In military news, the retirement of the A-10 Thunderbolt II, a plane known to many as the Warthog, continues to create controversy with Air Force leaders and lawmakers in Washington, D.C. Air Force officials wanted to retire the A-10 to make room for the F-35 Joint Strike Fighter - the highly-expensive, stealth fifth-generation fighter - with many lawmakers and others in the military - especially ground troops - pushing back against the Warthog's retirement.
The United States Air Force now says that the A-10 retirement is more than likely to be pushed back. The reasoning given behind the delayed retirement of the Warthog was that there had been changes in the production rate of the F-35 Lightning II coupled with increased demand on that aircraft.
Gen. Herbert "Hawk" Carlisle, head of Air Combat Command, said "We will probably move the retirement slightly to the right. Eventually we will have to get there -- we have to retire airplanes. But I think moving it to the right and starting it a bit later -- maybe keeping the airplane around a bit longer -- is something that's being considered."
The Air Force's original plan was to retire about 164 A-10s next year with some of those planes remaining operational until 2019. The Air Force has said the move would have saved an estimated $4.2 billion over five years.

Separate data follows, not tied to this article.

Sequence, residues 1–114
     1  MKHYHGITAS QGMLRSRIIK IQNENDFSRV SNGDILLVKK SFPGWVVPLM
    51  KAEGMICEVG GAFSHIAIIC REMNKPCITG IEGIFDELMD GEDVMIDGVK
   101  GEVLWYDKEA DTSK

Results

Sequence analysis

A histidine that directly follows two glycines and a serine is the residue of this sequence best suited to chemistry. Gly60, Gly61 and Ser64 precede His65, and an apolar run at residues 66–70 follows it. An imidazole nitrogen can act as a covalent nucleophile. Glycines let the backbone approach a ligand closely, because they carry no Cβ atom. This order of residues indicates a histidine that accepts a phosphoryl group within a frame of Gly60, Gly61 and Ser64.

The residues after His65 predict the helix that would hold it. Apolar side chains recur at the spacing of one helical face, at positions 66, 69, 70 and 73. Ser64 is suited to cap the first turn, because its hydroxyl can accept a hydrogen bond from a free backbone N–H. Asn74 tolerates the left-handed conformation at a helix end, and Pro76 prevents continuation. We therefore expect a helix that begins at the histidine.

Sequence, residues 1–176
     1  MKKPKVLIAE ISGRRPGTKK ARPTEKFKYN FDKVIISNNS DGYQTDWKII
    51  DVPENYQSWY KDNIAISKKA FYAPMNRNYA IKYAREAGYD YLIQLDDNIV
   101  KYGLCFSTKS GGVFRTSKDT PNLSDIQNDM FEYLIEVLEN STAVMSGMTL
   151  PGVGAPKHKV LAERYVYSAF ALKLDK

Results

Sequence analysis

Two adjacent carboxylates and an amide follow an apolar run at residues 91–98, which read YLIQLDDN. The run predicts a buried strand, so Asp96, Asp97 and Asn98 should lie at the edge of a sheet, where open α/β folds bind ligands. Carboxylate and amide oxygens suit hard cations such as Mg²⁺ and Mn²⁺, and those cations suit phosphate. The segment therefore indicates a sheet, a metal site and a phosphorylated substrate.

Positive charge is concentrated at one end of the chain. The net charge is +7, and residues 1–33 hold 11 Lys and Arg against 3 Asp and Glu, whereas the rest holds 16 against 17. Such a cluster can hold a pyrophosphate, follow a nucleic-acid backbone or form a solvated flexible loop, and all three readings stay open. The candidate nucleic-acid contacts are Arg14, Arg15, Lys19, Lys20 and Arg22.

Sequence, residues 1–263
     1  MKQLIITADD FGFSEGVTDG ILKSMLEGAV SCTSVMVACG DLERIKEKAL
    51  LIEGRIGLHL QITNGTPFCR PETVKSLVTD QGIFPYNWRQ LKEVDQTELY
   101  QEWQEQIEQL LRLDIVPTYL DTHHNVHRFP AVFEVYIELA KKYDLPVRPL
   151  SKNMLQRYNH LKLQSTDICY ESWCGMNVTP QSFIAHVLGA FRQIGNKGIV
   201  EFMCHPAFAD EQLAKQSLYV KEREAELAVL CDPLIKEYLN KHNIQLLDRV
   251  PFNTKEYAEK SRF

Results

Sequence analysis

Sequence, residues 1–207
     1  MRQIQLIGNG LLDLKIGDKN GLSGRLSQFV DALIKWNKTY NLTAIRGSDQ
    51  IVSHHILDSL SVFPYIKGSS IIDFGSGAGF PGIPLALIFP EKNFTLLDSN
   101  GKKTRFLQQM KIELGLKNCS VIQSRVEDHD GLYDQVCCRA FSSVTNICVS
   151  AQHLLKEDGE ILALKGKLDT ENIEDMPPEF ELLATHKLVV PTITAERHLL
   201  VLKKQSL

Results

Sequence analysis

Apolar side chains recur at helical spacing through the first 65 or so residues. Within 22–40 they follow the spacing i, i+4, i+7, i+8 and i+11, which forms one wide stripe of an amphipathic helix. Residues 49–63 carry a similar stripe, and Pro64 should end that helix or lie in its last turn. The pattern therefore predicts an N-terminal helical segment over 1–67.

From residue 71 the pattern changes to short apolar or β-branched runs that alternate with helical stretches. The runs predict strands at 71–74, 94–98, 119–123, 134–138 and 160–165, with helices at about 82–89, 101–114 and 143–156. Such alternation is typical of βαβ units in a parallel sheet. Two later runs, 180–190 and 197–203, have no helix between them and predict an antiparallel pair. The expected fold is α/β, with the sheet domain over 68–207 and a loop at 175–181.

After the Air Force's announcement that they would delay the retirement of the A-10, not all of the plane's defenders were buying what they were selling. One of those sceptical of the Air Force's intentions was Rep. Martha McSally, R-Arizona. McSally is a retired Air Force colonel and A-10 pilot and the first woman to fly combat missions when the men-only restriction was lifted.
She called the delayed retirement announcement an administration ploy to continue "to whittle away at a critical capability."
"Over the last 3 years, the administration has already mothballed the equivalent of four A-10 squadrons, leaving us with only nine to carry out the critical missions for which the A-10 is best suited," said McSally, who flew the aircraft over Iraq and Kuwait during Operation Southern Watch and in combat missions over Afghanistan. "We just invested over $1 billion to keep this asset flying until 2028. Until there's a suitable replacement, we absolutely need to keep this life-saving capability in the air.
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